Critics question 'unfair system'

PUBLISHED : Tuesday, 13 February, 1996, 12:00am
UPDATED : Tuesday, 13 February, 1996, 12:00am


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LEGISLATORS have expressed disappointment at the Government's reluctance to introduce regulatory controls on Towngas charges.

Democrat Fred Li Wah-ming described the proposal for a committee which would require Towngas to consult and brief legislators ahead of price rises as a 'gesture'.

'Yes, it is a step forward. But it is only a very small step,' he said.

And he questioned whether it was fair for Towngas to escape a stringent regulatory system when the other two power companies were made to operate under controls.

Party colleague Lee Wing-tat asked when the Government would deem it necessary to introduce regulation. 'Will it be five years, 10 years - or when prices have inflated severely and the public is suffering?' Deputy Secretary for Economic Services Leo Kwan Wing-wah said regulation was unnecessary - there was no evidence the company was abusing its dominant position.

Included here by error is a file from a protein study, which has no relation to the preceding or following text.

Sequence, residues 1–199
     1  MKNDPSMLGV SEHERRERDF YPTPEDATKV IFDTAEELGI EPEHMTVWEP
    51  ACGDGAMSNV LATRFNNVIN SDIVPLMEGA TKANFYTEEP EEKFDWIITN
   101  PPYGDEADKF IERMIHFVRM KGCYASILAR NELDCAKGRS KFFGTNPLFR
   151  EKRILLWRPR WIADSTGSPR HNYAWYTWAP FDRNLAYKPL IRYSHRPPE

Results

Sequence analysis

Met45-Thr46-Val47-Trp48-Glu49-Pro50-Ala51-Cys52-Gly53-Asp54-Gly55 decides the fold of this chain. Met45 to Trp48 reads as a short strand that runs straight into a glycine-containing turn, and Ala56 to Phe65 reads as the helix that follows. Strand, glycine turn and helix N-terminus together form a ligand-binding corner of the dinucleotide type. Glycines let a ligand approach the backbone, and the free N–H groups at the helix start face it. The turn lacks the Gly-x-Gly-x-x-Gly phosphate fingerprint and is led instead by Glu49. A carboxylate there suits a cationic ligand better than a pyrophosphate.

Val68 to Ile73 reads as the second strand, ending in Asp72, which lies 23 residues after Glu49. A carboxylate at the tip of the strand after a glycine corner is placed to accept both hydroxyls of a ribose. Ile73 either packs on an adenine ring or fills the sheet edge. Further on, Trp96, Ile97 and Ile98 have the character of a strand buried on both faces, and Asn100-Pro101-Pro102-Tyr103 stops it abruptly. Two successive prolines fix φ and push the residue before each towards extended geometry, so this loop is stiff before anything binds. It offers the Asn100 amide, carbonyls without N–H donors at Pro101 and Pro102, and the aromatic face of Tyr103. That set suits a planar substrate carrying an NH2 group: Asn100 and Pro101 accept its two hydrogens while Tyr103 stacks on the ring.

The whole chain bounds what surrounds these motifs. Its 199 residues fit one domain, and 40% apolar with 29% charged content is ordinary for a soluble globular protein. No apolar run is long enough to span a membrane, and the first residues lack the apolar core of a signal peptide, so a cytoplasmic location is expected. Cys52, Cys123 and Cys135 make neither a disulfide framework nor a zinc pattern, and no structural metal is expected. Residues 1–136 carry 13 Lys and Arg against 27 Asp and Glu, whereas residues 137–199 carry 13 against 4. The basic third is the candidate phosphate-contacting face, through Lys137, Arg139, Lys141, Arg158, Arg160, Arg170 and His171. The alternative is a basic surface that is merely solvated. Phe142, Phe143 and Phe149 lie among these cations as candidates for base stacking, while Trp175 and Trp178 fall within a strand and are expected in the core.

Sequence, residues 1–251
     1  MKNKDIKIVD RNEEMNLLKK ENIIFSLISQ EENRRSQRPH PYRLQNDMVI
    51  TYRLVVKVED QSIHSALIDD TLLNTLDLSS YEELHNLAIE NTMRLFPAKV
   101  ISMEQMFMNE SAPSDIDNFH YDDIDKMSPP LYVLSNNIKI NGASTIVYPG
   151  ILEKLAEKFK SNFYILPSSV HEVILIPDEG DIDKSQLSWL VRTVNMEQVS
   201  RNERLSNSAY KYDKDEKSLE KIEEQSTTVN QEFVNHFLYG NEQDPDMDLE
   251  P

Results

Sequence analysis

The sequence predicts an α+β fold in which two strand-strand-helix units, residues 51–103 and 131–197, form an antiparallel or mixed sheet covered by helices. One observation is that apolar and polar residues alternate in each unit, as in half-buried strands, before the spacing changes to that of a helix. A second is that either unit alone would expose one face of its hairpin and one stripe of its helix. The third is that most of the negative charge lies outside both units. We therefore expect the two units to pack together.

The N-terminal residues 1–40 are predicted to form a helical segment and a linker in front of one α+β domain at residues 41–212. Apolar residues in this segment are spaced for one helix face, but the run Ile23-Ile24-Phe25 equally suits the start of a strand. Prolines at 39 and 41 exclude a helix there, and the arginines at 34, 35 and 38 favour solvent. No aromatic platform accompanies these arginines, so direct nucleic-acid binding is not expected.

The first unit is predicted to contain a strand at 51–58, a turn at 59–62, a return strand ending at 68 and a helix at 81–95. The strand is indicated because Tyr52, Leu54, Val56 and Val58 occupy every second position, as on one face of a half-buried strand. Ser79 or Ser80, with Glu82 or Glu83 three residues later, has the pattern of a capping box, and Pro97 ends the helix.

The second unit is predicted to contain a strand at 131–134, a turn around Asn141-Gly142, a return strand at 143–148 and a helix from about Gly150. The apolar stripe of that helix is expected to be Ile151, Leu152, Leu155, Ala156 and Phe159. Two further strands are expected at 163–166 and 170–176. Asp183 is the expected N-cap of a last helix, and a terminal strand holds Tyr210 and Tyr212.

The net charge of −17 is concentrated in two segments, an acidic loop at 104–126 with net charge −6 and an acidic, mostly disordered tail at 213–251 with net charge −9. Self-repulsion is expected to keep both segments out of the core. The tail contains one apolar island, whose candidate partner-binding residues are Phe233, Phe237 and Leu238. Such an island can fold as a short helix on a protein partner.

Official figures showed Towngas had two-thirds of the market share, while electricity and liquified petroleum gas had the rest.

While admitting it was likely Towngas would increase its dominance of the market, causing unease in the community, Mr Kwan said the Government wanted to monitor price increases through a mutually agreed channel.

'The gas company has indicated support in principle to this proposal [of setting up the committee],' he said.

Democratic Party spokesman on public utilities Lau Chin-shek said the Government was declining to take action and allow competition.

And he hoped the committee would be representative enough.

The Consumer Council had recommended an Energy Commission to co-ordinate, monitor and regulate the industry and advise the Government on policy.

But the Government had recommended setting up a new committee to advise it on energy policy and take up the functions of the existing Energy Efficiency Advisory Committee.